Our 3D Art Team Lead at Plarium Kharkiv, shares how he modeled buildings for Plarium’s recent mobile game Soldiers Inc: Mobile Warfare.
We decided to make a project in a new setting. Basically, we had to do three things. Firstly, develop a common concept design for all buildings located in a player’s sector and on the global map. Secondly, create designs for every single building. And lastly, optimize these designs for the Unity engine.
Soldiers Inc: Mobile Warfare has a sort of futuristic military setting. The action takes place in 30–40 years, yet it is not a futuristic sci-fi game. And it definitely was a challenge to convey the atmosphere of such an intermediate stage.
The main difficulty we faced when we started collecting references was the lack of appropriate arts and materials. It’s easy to find references for such popular settings as fantasy, medieval, or pure sci-fi since there are lots of movies and games dedicated to them.
But we could barely find something appropriate for our futuristic military setting. Here are some examples of the artwork we managed to find:
No, I didn’t. Some of the initial sketches were created by our Concept Artist. I’m very grateful to him. He used very simple yet versatile shapes.
All concept designs have a common idea: buildings should be mobile and easy-to-deploy in the field. A module box dropped from a helicopter should be able to transform into a fully-featured Wellhead or a Supply Depot.
Mobility became one of the fundamental design principles for all the buildings in the game. Based on the above, we moved to create concept designs for the main buildings.
My regular approach is very simple. It boils down to three main steps: finding simple forms, selecting color palette, and working out details. Here is how I created the Control Tower.
Of course, the colored concept may still differ from the final version. A model may go through numerous improvements before its final rendering.
Sometimes it can take around a week to find the right idea, like in the case of the Supply Depot.
You can see on the image above all the modifications the crane went through over several iterations. At first the crane was too small, then too large. Eventually, I settled on something average between those two and decided to make the building asymmetrical. I used a vivid shade of blue to help highlight some of the key elements. I chose this color because it’s the same as that of the resource stored in the Supply Depot.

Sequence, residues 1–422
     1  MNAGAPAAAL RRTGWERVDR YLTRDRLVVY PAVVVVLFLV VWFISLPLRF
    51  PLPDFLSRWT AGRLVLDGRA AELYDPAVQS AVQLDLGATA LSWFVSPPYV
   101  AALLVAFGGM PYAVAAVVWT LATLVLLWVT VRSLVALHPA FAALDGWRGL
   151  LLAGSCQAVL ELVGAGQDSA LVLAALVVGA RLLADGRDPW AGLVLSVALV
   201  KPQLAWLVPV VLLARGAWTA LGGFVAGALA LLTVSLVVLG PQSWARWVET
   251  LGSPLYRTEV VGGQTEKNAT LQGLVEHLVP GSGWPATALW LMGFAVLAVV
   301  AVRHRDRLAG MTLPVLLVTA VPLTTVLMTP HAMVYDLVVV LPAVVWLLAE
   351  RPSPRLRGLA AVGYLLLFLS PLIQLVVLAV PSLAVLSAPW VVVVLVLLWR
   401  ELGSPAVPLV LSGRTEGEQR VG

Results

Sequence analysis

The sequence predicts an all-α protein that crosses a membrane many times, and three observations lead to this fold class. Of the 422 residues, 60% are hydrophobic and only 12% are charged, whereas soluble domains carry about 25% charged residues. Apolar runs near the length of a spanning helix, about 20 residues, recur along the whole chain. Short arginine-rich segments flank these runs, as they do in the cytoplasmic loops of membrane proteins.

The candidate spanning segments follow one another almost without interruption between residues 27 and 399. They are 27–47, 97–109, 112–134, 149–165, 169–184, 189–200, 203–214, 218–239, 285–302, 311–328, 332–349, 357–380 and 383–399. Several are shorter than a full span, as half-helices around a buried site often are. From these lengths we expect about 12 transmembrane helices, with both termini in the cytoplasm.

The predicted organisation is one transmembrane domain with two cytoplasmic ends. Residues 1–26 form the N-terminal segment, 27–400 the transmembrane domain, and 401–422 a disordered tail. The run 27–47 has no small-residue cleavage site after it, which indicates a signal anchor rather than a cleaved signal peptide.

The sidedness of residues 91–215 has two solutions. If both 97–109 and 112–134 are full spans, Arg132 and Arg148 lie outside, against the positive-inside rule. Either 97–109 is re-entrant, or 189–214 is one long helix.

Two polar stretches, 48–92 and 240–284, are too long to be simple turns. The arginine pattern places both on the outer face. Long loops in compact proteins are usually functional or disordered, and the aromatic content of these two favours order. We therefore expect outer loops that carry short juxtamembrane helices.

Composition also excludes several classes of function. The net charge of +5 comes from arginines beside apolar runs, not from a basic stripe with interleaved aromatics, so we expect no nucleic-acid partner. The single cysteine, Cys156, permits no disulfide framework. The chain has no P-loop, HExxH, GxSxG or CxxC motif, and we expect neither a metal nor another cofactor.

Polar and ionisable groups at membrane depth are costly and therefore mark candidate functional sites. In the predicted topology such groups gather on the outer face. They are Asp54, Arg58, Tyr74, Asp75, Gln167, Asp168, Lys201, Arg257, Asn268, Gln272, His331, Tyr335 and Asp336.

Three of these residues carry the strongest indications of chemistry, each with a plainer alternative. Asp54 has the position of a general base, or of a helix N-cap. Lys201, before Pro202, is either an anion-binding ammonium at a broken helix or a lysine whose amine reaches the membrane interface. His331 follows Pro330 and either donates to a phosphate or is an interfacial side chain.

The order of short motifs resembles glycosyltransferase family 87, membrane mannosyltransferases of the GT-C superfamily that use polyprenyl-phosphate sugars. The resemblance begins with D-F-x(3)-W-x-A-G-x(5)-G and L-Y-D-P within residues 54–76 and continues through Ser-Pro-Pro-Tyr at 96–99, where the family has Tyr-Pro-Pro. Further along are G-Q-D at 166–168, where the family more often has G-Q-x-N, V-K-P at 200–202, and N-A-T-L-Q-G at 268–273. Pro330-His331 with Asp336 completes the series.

But sometimes you need to create quite a bunch of concepts to get a desired shape. Take a look at this Aid Center.
If you follow all the iterations from left to right, up to down, you will see the idea evolving. Initially I wanted this building to be a series of interconnected containers. I elaborated on this idea before finally coming up with a feature that I really liked: a large octagonal roof. It took several more iterations to refine this feature and get a final version.
There are quite a few. For example, a building’s function should be clear from its design. If you’re planning to animate it, you need to plan for this when you’re drafting your concept. A building that is 30-40% animated looks great.
As you can see in the presentation, some of the buildings we made can open and display what is going on inside. Impressive animation has to be robust and noticeable. It should involve multiple moving elements.
Just having a single person pacing the rooftop isn’t going to impress anyone. You’ve got to make it possible to identify the building’s purpose simply by looking at it.
I use standard Maya tools like Insert Loop, Extrude, Bevel, and Chamfer. Nothing special here. First of all, I choose a couple of concept designs for a certain building. And then I use them as a reference to create a high-poly model.
I’m trying to model every detail as much as I can. The following image shows how detailed these models are.
As you can see on the left, even the numbers and stripes are made using geometry. It’s slightly shifted from the main surface and has a transparent material applied to it. The only things I left for texturing were tiles for the upper and lower grounds and metal walls.
Modeling takes about one or two days. At this stage I tend to ignore such limitations as the number of polygons or the number and size of textures. What really matters here is a good-looking model. This approach may require a bit more time. But the result it provides is much better than if you just react to the restrictions around you.